- The Washington Times - Monday, November 18, 2002

One of the top issues that needs to be on the agenda for the next Congress (and many state legislatures as well) will be tort reform in particular, the problems resulting from escalating jury awards in medical malpractice cases that have shaken the American medical system, Sen. John Ensign, Nevada Republican, told The Washington Times.
But Mr. Ensign, perhaps the Senate's most tenacious proponent of medical-liability reform, made clear that a battle lies ahead on Capitol Hill. In September, the House voted overwhelmingly for such legislation, only to have a parallel Senate bill sponsored by Mr. Ensign bottled up by the Democratic majority.
One positive sign, Mr. Ensign says, is that a number of recent liability insurance-related problems are driving home to the public the need for reform. The state's only Level-I trauma facility, located at the University of Nevada Medical Center in Las Vegas, was forced to shut its doors following the mass resignations of surgeons, who said they risked bankrupting their families if they were hit with a seven-figure lawsuit from increasingly aggressive personal-injury lawyers. Level-I trauma centers staffed around the clock with a variety of specialists to provide care to seriously injured patients, including victims of shootings, stabbings and car accidents are an integral part of this country's first line of defense against catastrophic terrorist attack.
Fortunately, the Nevada facility reopened. In August, Gov. Kenny Guinn and the Nevada legislature agreed on a compromise plan aimed at resolving the problem. The new law placed a $350,000 cap on pain and suffering damages, with two exceptions, added at the insistence of trial lawyers: "cases of gross malpractice" and cases deemed to be "exceptional circumstances" however defined.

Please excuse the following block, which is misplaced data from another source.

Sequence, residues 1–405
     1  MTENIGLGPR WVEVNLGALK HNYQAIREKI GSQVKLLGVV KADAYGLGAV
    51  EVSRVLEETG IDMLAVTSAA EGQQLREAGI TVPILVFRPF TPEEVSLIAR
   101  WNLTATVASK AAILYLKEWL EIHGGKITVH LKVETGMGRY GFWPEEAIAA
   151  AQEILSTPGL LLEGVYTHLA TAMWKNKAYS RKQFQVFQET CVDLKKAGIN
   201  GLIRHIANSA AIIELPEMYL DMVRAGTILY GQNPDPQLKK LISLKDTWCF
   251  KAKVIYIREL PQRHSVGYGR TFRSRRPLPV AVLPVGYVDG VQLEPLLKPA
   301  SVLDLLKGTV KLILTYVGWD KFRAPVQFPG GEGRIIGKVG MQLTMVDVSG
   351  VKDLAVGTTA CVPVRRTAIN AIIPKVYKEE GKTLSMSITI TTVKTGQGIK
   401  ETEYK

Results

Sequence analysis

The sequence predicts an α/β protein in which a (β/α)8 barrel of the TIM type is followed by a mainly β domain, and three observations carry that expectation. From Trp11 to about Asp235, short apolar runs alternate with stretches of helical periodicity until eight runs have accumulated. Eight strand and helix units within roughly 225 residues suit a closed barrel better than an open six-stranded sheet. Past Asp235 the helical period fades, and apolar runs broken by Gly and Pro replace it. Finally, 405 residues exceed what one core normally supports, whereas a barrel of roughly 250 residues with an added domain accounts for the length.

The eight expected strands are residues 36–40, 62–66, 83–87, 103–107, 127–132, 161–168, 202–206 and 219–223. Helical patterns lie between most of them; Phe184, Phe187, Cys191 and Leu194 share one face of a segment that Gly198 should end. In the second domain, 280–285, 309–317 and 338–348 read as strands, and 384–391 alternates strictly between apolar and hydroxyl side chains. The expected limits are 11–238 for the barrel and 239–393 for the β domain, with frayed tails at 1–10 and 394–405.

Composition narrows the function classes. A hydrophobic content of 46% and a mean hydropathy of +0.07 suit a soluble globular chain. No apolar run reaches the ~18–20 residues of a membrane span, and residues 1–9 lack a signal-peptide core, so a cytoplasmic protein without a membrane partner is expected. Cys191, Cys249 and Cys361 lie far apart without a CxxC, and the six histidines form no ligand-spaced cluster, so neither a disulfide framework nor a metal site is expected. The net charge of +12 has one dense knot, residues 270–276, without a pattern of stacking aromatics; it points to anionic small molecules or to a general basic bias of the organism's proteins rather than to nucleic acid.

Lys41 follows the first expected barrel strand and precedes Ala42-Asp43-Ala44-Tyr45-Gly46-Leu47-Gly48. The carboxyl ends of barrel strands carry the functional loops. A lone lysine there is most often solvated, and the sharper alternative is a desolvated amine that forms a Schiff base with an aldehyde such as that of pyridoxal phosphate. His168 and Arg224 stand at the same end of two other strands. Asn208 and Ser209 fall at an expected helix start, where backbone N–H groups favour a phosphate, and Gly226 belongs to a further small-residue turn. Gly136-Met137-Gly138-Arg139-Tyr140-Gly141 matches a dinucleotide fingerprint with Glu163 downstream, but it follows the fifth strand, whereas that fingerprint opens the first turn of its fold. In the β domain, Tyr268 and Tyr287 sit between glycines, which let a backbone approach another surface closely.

While the legislation was a step in the right direction, it clearly left some serious liability-related problems unresolved, among them the serious shortage of OB/GYNs in the greater Las Vegas area. Nancy Allen, 48. had to wait six months to have suspicious lumps removed from her uterus and ovaries because she could not get an appointment for surgery. In an interview with the Las Vegas Review-Journal earlier this month, Mrs. Allen said she would still be awaiting a hysterectomy had she not stormed into her doctor's office and refused to leave until the procedure was scheduled. Meanwhile, the Clark County (Las Vegas) OB/GYN Society said that 30 obstetricians have either left town, retired early or stopped delivering babies in recent months because they cannot find malpractice insurance or afford the soaring rates.
Nevada is hardly the exception. According to the American Medical Association, 12 states among them New York, New Jersey, Florida, Ohio, Oregon, West Virginia, Mississippi and Texas face serious dangers of doctor shortages due to spiraling insurance costs.
"This one's going to be a tough one," Mr. Ensign says of the prospects for the enactment of tort reform in the next Congress. The best thing going for his side is that "we've got a great president with a great bully pulpit" that can be used to negate the lobbying power of groups like the American Trial Lawyers Association, Mr. Ensign said.
President Bush's willingness may well make the difference in the next Congress.

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